[LMB] AKICOTL, Norteno Cooking - Hot Chocolate
sukiyaki531 at gmail.com
Thu Sep 5 14:13:57 BST 2013
>From: "Paula Lieberman"
I'm interested in a recipe for tortilla soup, too.
Seems to be very popular! I'll add you to the list.
As for hot chocolate, I haven't seen the brand you mentioned. What has
become ubiquitous the past few years is La Abuelita (it means 'granny') hot
chocolate disks. About 3.25 oz. You can either plop the whole disk (they
come in a six pack) into 4 cups of very hot milk, or break into sections
proportionately. They contain dark chocolate, sugar and cinnamon. OK in a
pinch, but I'm fussy about cinnamon - most packaged drink mixes of all
kinds have a bit too much for my taste. So I like to make my own. Also,
traditional Mexican hot chocolate has finely ground almonds, which I like
the flavor of.
You might try this. It's easy, with easily available ingredients, and
allows for adding or subtracting ingredients to taste,
3 oz. semi-sweet chocolate, cut up (you could use chips in a pinch)
1 Tbsp. sugar
1/4 Tsp. ground cinnamon
1/8 Tsp. cayenne pepper
4 cups milk
1/2 Tsp. vanilla extract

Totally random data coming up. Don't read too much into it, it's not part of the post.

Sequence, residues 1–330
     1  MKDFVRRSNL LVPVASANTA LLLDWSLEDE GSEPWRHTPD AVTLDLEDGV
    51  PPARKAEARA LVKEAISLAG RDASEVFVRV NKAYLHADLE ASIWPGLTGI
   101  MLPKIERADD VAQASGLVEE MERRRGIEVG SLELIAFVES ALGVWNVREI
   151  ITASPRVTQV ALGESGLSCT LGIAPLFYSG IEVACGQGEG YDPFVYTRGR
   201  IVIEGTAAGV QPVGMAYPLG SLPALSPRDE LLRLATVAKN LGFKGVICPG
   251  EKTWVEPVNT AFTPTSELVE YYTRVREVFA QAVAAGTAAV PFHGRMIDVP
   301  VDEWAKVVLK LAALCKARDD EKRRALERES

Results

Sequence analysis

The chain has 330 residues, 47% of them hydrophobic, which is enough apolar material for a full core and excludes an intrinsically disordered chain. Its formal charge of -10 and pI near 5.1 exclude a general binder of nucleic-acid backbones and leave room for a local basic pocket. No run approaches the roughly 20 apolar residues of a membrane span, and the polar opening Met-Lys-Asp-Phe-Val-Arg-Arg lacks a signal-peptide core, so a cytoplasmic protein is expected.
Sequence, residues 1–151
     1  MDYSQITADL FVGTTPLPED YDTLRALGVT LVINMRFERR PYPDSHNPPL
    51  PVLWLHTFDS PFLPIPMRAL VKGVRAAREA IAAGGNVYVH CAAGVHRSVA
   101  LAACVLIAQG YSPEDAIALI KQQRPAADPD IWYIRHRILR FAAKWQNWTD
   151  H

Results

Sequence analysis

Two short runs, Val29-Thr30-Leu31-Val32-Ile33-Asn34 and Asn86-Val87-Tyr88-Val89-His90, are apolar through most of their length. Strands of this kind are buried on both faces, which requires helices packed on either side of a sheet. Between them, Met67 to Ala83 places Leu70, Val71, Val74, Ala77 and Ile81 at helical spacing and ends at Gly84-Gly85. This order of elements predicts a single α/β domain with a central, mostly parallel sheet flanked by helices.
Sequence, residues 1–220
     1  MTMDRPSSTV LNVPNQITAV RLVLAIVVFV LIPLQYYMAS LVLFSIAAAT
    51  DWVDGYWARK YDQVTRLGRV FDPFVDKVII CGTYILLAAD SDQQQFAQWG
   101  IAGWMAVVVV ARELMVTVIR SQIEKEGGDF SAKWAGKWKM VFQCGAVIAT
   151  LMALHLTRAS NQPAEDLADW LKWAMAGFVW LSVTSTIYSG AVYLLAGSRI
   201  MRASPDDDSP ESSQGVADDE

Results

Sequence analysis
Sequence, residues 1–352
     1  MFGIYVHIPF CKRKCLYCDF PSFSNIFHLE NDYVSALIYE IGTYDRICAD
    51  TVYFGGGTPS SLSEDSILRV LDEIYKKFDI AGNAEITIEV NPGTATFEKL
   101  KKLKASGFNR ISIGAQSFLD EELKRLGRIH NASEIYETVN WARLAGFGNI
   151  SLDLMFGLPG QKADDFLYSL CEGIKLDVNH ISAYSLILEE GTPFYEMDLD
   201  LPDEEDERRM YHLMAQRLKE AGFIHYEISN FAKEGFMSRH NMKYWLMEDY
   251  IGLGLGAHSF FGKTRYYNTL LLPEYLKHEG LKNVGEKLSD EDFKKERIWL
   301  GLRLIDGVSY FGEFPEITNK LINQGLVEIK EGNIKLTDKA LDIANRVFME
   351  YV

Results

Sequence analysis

1/4 Tsp. almond extract
In a blender or food processor, combine chocolate, sugar, cinnamon, and
cayenne. Cover and blend/process until finely ground.
In a saucepan, combine the above ingredients and the milk. Cook and stir
over low heat until the chocolate melts, about 10 minutes. Remove from the
heat and stir in vanilla and almond extracts.
Beat mixture in the pan with a rotary beater, whisk, or molinillo (wooden
Mexican beater) until frothy. Top with whipped cream, additional cinnamon
and/or cayenne if desired. Makes 4 8 oz. servings.
Or several big mugs! Or cut it half if you don't want that much. Just be
sure to watch the milk carefully - you don't want to have to clean up the
mess if it boils over! Low and slow is the trick. Personally, I often leave
out the cinnamon entirely or use part of a cinnamon stick while the milk
is simmering. It's much more subtle. Like I said, it's very adaptable to
Oh, and depending on the milkfat percentage you're using, you may or may
not get a lot of froth. Obviously, whole milk will froth a lot more than
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